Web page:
The Bush administration phased out the “black site” program in 2006 after it had been publicly exposed through leaks to the US and European media. Torture undoubtedly continued at other facilities, including Bagram Prison in Afghanistan and US detention camps in Iraq.
After he took office in 2009, Obama signed an executive order banning waterboarding and other methods of interrogation classified as torture under international law, but he blocked any prosecution of Bush administration officials who authorized torture, while the Justice Department ultimately decided not to bring any charges against the torturers themselves.
The Obama administration has stalled publication of the Senate Intelligence Committee report for more than two years, giving the CIA itself the final say over what would be declassified and pressuring Committee Chairman Dianne Feinstein and other Democrats to accept nearly all of the redactions demanded by the agency.
In the final months of talks, White House Chief of Staff Denis McDonough personally intervened to get the bulk of the CIA’s demands accepted. Feinstein also agreed that CIA officials would not face any consequences for their unconstitutional spying on the Senate committee itself, revealed earlier this year.
In March, Feinstein, long a reliable defender of the CIA and apologist for the NSA domestic spying program, went to the well of the Senate to announce that the CIA had hacked into computers being used by Senate Intelligence Committee staffers who were preparing the report. She accused the CIA of violating the US Constitution as well as federal laws.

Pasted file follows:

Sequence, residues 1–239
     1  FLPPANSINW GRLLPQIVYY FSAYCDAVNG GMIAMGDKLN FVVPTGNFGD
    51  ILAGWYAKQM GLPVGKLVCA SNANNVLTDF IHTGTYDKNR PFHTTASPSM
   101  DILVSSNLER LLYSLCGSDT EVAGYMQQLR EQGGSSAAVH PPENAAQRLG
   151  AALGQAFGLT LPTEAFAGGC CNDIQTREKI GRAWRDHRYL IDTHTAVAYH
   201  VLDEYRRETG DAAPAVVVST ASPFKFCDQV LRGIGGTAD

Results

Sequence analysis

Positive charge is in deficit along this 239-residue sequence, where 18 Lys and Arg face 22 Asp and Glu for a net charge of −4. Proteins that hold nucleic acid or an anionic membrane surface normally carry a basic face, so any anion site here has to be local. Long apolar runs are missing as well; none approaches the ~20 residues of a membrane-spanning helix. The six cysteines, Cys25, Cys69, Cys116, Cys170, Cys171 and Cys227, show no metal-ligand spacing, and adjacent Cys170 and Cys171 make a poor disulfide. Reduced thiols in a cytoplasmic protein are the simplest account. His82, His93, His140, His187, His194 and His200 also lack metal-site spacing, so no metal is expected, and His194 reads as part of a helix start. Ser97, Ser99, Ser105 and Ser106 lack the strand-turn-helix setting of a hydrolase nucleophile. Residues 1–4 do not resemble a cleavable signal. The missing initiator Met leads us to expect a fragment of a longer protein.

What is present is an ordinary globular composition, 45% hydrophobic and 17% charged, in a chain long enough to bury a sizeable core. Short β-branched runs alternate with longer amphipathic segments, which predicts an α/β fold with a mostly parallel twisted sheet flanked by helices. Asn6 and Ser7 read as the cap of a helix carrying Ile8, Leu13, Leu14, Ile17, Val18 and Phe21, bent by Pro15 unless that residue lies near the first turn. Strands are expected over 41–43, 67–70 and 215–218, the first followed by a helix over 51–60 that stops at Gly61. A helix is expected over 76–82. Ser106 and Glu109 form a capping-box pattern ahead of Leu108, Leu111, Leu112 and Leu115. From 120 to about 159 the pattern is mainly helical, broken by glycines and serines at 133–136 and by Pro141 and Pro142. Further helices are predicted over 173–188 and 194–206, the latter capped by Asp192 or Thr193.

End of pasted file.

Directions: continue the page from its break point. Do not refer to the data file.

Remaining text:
CIA Director John Brennan at first denied the charge, but later admitted them to be true, even as he charged the Senate staffers with stealing classified material and referred the matter to the Justice Department for possible criminal prosecution. Obama sprang to Brennan’s defense and has continued to adamantly support him. Brennan was promoted by Obama to head the agency after serving as the White House counterterrorism adviser.
In a final effort to delay the report’s publication, Secretary of State John Kerry called Feinstein December 5 and suggested that the report could cause problems for the ongoing US military operations in Iraq and Syria against the Islamic State fundamentalist group, as well as for US hostages held in the region. The Obama administration and the CIA evidently hoped that further delay might halt publication entirely once the Republicans take control of the Senate and the Intelligence Committee in January.
But in a legal proceeding before US District Court in Washington last week, the Justice Department conceded that the report would likely be made public within days. The department has been fighting a Freedom of Information Act request for the release of the report’s executive summary to a consortium of media plaintiffs. On Thursday, the department filed a brief document postponing a motion for summary judgment against the plaintiffs on the grounds that the Senate committee “will publicly release the Executive Summary early next week,” making the issue moot.